But perhaps the most miraculous initiative was Dignity Water, which saw Priestley in mid-2019 organising truckloads of water out to the drought-stricken towns along the Barwon-Darling river system in north western NSW, at a time when the state government was failing these communities.

“Last week, we ended up sending a B-double load of water up there. It was 32,000 litres,” he explained in March 2019. “The towns are absolutely ecstatic. They can actually have a drink without any side effects.”

“We thought, nobody is actually furnishing enough to supply whole towns, so we built up the necessary partnerships in logistics and supply,” Priestley explained.

Rose outlined that the first delivery involved four pallets of water “out to Wilcannia”. Lanz had organised the money for two, whilst First Nations group FIRE organised the rest. From there, the next truckload consisted of 8 pallets, then 32, until it eventually got to 44 pallets of water per truck.

And it must be remembered that this was all being coordinated from the streets.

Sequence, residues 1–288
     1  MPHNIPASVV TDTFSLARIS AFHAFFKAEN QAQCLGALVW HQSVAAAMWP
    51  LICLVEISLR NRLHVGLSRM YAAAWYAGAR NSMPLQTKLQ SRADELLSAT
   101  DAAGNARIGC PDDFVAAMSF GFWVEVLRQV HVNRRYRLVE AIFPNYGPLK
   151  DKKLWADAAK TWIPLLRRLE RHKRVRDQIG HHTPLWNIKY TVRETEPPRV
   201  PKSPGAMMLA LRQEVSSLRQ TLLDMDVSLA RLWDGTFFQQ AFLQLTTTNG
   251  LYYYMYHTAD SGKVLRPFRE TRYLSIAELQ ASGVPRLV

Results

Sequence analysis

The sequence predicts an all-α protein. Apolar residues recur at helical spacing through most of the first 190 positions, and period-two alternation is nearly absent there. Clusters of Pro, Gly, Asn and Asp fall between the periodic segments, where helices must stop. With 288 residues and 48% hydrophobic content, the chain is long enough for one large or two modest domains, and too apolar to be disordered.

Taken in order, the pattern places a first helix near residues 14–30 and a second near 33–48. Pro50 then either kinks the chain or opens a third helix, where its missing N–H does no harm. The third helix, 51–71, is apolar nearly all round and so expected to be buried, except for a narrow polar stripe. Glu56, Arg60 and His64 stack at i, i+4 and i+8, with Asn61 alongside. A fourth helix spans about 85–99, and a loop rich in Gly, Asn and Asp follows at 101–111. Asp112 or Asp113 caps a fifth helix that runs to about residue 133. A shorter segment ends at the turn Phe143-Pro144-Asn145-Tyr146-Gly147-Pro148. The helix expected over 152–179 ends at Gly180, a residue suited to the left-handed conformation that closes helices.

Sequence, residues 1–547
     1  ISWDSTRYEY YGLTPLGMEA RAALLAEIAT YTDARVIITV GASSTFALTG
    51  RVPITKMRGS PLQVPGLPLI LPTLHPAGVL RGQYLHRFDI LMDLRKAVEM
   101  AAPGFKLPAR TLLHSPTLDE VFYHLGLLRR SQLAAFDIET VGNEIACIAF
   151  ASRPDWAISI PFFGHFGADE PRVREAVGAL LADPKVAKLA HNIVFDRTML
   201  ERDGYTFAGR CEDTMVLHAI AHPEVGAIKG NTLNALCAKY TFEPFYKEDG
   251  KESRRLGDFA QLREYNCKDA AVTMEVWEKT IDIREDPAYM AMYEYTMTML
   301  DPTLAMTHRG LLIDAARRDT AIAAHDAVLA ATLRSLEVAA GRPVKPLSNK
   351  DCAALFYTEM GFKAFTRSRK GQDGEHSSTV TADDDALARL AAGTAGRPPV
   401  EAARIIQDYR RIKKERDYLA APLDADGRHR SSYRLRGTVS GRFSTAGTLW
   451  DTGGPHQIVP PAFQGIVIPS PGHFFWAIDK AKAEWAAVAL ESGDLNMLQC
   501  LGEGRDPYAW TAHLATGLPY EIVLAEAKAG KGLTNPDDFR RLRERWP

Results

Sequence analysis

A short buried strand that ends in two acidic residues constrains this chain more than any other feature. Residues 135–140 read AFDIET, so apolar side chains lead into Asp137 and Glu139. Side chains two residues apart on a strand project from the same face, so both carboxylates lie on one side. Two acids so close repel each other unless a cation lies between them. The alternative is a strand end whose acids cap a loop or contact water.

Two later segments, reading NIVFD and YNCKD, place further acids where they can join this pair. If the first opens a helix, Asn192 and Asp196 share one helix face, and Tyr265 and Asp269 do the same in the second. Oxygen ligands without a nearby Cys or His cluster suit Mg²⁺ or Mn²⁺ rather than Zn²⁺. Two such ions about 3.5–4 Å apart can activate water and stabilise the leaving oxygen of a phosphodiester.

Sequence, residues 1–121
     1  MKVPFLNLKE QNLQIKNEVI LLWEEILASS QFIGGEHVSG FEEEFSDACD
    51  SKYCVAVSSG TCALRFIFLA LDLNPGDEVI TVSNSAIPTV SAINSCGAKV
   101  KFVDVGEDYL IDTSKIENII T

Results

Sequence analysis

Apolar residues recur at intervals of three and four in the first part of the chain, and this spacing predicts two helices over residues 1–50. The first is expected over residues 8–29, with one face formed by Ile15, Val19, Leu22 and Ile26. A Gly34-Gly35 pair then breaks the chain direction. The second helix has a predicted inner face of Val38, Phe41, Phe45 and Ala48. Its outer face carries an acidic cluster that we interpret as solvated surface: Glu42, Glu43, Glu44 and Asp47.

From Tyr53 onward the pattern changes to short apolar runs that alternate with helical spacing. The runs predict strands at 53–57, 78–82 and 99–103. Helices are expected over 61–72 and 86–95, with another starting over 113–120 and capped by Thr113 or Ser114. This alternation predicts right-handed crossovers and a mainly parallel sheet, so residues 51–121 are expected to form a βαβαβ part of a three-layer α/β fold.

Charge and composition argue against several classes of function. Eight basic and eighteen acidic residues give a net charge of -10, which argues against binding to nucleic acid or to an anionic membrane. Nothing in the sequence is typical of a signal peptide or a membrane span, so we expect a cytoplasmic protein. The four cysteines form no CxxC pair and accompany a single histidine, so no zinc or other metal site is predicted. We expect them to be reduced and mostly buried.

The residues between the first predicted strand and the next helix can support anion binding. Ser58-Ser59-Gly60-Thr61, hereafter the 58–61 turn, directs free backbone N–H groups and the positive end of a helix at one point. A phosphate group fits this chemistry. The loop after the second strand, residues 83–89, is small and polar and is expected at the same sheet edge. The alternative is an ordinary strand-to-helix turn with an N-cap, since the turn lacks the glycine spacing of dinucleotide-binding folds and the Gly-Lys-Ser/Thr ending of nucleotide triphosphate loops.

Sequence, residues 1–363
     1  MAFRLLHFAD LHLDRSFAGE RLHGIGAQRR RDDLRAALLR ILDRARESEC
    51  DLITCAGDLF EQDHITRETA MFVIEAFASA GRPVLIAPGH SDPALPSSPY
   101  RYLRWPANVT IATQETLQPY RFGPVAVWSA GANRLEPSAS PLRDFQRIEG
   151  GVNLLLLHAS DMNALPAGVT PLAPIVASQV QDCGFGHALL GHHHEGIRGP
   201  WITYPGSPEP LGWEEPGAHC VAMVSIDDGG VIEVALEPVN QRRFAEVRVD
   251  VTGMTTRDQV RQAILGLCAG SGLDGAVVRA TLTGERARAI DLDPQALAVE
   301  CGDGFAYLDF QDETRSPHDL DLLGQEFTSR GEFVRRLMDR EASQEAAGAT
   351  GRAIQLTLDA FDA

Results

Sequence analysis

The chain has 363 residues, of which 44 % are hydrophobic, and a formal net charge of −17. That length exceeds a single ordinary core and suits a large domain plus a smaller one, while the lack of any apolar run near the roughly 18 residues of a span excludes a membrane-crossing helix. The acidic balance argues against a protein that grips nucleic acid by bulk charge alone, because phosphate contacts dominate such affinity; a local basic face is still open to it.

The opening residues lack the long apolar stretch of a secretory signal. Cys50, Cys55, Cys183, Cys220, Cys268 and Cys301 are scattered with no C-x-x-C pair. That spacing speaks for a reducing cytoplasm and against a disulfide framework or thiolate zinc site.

The saint of Martin Place

On Tuesday this week, word rang out across Sydney that Lanz Priestley passed away last weekend. Social media pages were awash with posts remembering the “thoughtful, selfless being”, whom many admired and indeed, he’d inspired.

“Lanz was a remarkable coordinator. Whatever the world threw at him, he’d roll with it,” declared Rose. “He had an incredible mind. He was one of the most lateral thinkers that I have met in my life or have even read about. His ability to snatch victory out of the jaws of defeat was remarkable.”

Priestley operated outside the sanctioned system. He showed that to exist on the margins does not render one powerless or condemn them to act without humanity. In fact, Lanz proved with grace that when the motivation is the greater good, one can act more effectively than any government.

“As radical and visionary as Lanz was, he was a relentless pragmatist and realist, working with anyone to achieve his goals of community-led decision-making and freedom,” Larissa concluded.

“Lanz always taught me that nothing lasts forever – things grow, cement their place in history, disband, and are reborn.”

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Paul Gregoire

Paul Gregoire is a Sydney-based journalist and writer. He's the winner of the 2021 NSW Council for Civil Liberties Award For Excellence In Civil Liberties Journalism. Prior to Sydney Criminal Lawyers®, Paul wrote for VICE and was the news editor at Sydney’s City Hub.